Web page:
Saturday, 26 March 2016

Inter-visibility of Causewayed Enclosures

I am puzzled why the Causewayed Enclosure of Rybury Camp, which is above where I live, is skewed off the top of the hill. Because of the later Iron Age banks, which are centred on the top of the hill, it is hard to immediately see this. It means that the camp would have been invisible from the Pewsey Vale. But it struck me that it also means it faces Milk Hill to the east. Knap Hill to the east of Milk Hill also faces it. Early Ordnance Surveyors used the sight line from Milk Hill to Neath Barrow, as Robin Hood's Ball was then called, to the south. And Windmill Hill by Avebury is just down the valley to the north.

I have Anquet's OMN on my system which allows me to plot route elevations, which give sightlines and it seemed that at the very flat summit of Milk Hill there was a possibility to find a place where all four were visible, though Robin Hoods Ball being 18 km away the visibility of it may be considered more theoretical to the naked eye.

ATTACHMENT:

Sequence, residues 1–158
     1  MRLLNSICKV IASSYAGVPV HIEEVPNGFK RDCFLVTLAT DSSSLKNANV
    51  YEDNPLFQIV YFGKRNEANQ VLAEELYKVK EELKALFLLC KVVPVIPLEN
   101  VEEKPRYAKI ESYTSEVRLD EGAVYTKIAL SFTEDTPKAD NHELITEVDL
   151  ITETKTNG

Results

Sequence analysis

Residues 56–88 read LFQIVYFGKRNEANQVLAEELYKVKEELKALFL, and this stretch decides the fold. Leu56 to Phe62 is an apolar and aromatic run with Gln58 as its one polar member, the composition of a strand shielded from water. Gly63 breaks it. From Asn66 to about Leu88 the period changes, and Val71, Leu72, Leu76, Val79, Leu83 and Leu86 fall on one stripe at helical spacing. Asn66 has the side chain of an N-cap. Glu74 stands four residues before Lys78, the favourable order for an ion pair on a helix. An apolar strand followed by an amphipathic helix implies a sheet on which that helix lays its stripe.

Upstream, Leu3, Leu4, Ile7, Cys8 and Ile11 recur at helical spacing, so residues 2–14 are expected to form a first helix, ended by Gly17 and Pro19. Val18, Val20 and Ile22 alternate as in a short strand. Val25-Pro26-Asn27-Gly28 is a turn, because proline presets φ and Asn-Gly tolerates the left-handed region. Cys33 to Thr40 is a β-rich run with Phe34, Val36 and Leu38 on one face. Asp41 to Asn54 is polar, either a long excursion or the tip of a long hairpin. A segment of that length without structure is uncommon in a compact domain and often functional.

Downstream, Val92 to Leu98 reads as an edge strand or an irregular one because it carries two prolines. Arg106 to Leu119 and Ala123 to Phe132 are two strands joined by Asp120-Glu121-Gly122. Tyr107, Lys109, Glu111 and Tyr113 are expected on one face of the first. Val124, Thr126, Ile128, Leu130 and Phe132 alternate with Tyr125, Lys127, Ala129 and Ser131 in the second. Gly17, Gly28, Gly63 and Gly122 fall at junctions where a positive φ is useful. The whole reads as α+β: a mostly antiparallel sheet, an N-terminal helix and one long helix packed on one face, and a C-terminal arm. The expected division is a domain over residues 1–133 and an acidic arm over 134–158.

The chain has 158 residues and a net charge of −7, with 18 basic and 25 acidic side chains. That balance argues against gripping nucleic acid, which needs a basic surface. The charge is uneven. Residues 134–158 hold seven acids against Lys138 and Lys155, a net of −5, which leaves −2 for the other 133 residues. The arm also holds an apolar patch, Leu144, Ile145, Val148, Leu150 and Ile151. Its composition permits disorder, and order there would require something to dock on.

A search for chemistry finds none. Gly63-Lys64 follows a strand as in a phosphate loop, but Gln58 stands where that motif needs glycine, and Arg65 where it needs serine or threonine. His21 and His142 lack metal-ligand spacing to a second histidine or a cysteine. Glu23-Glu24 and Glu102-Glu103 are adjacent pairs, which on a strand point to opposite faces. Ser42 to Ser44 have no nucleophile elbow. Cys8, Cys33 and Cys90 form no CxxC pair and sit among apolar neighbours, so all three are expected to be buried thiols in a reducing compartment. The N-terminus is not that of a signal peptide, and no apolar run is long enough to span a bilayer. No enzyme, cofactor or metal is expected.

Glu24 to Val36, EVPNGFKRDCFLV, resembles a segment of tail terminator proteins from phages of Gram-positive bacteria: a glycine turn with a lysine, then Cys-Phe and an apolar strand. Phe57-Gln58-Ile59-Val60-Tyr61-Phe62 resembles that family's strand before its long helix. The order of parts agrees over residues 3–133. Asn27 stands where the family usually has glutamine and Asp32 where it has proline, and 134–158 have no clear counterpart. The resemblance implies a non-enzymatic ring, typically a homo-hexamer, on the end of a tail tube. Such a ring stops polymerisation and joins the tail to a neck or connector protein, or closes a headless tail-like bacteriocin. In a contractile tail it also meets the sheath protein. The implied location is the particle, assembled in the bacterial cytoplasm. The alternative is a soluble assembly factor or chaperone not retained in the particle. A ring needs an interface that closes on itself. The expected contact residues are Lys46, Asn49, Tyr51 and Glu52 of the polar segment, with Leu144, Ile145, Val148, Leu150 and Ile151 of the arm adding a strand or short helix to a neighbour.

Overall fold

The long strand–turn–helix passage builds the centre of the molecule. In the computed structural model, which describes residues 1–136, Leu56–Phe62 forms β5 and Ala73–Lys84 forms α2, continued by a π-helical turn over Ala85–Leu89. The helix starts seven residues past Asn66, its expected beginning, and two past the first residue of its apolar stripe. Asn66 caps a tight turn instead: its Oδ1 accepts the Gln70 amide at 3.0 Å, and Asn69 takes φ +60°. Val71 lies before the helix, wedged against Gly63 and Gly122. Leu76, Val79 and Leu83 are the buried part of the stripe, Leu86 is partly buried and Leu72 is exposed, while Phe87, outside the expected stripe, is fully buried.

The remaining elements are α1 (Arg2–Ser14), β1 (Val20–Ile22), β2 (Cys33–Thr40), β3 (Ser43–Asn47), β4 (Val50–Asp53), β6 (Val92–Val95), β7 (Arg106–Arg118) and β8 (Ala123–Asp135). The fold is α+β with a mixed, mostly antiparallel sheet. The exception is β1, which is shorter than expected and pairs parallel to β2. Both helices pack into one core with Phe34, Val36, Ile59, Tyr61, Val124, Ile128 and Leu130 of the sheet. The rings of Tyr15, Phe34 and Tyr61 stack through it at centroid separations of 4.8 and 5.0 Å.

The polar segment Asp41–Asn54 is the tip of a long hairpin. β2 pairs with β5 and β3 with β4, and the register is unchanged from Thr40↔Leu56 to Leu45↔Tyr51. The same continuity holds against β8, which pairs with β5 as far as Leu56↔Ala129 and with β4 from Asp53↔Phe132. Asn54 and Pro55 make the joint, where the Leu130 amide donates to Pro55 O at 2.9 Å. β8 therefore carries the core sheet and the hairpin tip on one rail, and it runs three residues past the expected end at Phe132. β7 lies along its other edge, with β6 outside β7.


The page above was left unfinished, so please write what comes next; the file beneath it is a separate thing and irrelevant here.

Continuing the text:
There is, it is a very small area, there is permissive public footpath across the field to the summit so I urge you to find it for yourself, and with the right camera a much better photograph than my panorama may be possible.

Click to enlarge

1 comment:

  1. Why would Rybury Camp be on the exact top of the hill? ALL other 'causewayed sites' are also not "on the top" are are to one side of the apex. The reality is that if you find the reason they are not centred on top of their associated hills (nothing to do with line of sight) you will find out their rather obvious original function.